Sometimes talking with your teenager can be a real challenge. I feel I have made a major breakthrough if I hear more than "fine" when I ask my teen how his day was. Sound familiar? In reviewing the current literature on the topic of communicating with teenagers, I have read that although teenagers are becoming more independent, they still want to communicate with their parents. They want to hear their parents' values and opinions, but will become very defensive of themselves or friends if parents' opinions feel judgmental or condescending toward them. They also tend to tune parents out if they feel they are being lectured or if parents act as if they have all the answers. I cringe when I think of how many times I have said "well, when I was your age….." or "you really need to just ……"
Teens will feel more like they are being heard if parents practice active listening. Getting rid of distractions, paying complete attention, not interrupting, and repeating back the major points goes a long way to make teens feel as though parents are listening – and care about what they have to say. Also, following up on the conversation at a later date by asking your teen how things worked out and how they are doing will also prove this as well.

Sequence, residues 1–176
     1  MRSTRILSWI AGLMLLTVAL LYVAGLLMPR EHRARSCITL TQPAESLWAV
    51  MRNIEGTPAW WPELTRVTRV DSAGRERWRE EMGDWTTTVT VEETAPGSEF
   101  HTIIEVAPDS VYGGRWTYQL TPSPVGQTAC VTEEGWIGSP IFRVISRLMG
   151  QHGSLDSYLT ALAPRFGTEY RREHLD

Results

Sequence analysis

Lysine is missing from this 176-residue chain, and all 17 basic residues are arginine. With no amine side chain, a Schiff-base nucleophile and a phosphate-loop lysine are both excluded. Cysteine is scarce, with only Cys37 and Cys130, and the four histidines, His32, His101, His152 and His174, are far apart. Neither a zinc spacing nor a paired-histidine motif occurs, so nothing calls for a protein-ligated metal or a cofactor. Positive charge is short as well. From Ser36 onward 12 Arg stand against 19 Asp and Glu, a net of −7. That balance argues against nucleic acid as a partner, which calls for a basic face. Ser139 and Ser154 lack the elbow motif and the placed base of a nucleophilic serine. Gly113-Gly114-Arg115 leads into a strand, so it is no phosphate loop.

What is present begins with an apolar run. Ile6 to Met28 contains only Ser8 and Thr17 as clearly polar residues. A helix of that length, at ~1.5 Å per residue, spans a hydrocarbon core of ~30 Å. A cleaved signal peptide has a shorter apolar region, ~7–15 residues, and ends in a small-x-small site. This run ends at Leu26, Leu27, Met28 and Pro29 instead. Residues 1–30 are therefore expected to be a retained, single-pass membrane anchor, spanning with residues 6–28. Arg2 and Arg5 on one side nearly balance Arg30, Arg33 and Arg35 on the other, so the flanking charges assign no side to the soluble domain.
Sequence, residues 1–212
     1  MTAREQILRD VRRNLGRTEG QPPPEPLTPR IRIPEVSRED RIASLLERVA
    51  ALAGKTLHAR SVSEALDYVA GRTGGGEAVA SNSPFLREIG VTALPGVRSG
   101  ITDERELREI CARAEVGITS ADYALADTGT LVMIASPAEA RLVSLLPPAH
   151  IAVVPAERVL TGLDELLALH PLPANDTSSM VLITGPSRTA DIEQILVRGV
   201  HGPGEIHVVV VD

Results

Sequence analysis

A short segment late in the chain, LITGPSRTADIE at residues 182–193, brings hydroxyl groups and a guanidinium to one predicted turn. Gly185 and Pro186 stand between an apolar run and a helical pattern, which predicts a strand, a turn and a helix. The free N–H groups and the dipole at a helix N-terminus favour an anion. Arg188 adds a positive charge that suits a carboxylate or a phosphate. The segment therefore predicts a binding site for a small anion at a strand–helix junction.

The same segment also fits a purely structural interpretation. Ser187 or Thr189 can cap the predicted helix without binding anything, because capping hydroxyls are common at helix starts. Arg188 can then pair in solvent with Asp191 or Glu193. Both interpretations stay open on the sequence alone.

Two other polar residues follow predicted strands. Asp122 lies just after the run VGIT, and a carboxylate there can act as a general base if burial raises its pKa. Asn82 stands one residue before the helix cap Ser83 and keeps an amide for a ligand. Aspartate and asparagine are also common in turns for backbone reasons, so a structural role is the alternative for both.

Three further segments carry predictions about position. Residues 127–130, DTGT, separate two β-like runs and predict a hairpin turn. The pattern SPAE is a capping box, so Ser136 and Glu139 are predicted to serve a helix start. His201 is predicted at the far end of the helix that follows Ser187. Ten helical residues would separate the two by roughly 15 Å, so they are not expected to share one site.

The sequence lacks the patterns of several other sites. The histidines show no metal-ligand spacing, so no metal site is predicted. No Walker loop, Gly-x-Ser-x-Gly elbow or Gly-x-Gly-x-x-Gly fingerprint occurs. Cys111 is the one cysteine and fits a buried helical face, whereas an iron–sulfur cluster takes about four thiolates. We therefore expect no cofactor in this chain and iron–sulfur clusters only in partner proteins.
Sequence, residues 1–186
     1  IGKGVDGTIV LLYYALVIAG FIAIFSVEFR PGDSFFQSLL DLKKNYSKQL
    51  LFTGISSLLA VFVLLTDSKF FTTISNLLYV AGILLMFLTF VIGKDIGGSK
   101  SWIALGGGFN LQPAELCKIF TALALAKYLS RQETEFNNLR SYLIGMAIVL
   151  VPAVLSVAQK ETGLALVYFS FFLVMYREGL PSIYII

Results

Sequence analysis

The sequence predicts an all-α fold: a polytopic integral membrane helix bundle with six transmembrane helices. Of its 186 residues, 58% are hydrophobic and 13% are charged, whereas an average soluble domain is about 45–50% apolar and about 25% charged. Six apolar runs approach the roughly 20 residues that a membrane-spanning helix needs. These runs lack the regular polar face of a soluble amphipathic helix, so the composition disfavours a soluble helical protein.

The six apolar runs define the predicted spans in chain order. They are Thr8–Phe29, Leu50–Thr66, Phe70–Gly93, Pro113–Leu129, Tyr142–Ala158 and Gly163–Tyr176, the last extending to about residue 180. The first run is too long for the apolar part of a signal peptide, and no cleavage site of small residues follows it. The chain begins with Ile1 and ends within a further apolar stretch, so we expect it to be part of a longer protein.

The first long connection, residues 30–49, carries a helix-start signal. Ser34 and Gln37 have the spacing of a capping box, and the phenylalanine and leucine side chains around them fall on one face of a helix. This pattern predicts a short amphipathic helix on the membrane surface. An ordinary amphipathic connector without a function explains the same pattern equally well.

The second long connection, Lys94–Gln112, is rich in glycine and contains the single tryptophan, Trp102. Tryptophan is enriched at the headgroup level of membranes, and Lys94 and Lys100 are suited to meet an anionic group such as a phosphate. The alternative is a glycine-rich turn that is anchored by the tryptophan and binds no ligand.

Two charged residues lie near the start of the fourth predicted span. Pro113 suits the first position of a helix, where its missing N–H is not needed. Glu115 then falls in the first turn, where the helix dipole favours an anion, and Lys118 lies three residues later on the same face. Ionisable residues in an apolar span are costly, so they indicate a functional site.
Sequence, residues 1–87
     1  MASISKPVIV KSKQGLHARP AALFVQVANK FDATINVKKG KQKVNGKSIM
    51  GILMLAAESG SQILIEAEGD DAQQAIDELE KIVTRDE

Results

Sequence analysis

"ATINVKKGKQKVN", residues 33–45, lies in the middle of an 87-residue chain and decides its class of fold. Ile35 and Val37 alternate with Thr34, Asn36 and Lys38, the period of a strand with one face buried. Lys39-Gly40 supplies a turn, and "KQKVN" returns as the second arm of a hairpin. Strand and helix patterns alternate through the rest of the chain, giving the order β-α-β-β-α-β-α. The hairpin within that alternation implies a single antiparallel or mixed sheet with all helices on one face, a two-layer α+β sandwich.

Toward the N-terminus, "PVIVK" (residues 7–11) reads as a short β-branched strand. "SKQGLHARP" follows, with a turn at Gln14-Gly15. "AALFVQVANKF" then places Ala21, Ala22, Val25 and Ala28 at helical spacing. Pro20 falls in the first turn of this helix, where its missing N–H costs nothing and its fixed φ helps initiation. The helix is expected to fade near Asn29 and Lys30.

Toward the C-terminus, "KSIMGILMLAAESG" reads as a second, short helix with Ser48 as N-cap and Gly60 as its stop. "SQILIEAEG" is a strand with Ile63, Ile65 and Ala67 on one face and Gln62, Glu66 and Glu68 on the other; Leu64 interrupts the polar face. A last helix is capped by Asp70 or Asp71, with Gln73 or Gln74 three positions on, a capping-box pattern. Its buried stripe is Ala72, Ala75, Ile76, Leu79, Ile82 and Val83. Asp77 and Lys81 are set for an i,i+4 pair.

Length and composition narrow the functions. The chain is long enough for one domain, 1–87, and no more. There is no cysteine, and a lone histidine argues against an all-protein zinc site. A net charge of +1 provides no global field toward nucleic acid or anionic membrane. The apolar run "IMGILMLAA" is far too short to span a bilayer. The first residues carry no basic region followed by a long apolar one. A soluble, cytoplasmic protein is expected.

A fact sheet on positive parenting strategies I found from the Department of Health and Human Services, lists these additional tips to follow when talking with your teen:
- Keep any judgmental thoughts to yourself – stick with the subject at hand
- Allow your child to talk without interruption until he/she gets to the point
- Show respect for your child's point of view, even if you don't agree with it
- Develop common interests with your child such as a sport, hobby or favorite movie
- Seize the moment – catch up with your child whenever you have an opportunity
- Build some structure and routine in your family schedule i.e. at least one dinner a week where family can come together to catch up and focus on each other
Fact Sheet can be found at: